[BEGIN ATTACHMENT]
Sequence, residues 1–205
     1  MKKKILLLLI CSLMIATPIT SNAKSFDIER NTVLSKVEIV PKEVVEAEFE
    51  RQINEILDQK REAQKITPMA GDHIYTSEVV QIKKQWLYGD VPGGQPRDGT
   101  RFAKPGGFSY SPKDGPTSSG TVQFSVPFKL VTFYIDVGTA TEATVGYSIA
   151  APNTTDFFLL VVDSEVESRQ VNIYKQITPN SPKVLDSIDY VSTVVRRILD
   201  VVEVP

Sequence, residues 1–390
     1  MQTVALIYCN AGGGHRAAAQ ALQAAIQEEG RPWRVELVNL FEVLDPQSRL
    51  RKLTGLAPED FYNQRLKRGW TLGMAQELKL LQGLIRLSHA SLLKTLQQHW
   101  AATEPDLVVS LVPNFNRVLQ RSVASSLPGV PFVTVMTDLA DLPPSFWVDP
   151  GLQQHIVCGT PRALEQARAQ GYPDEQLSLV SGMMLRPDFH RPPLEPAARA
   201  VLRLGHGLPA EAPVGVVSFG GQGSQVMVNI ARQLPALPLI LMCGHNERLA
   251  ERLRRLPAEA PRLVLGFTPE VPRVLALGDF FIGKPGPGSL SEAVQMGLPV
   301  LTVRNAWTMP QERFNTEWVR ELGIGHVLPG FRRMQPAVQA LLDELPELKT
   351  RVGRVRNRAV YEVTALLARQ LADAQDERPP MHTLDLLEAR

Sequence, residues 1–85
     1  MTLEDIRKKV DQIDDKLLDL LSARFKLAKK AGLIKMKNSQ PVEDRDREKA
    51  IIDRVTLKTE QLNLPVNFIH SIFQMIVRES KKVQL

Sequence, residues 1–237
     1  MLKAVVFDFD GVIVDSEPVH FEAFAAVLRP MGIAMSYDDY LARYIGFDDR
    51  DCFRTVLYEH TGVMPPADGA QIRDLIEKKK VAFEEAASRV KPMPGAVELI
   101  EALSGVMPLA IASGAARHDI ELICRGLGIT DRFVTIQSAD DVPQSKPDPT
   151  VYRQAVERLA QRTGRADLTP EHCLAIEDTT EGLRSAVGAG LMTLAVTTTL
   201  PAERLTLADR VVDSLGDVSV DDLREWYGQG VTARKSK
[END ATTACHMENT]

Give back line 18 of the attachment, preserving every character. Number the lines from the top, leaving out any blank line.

    51  IIDRVTLKTE QLNLPVNFIH SIFQMIVRES KKVQL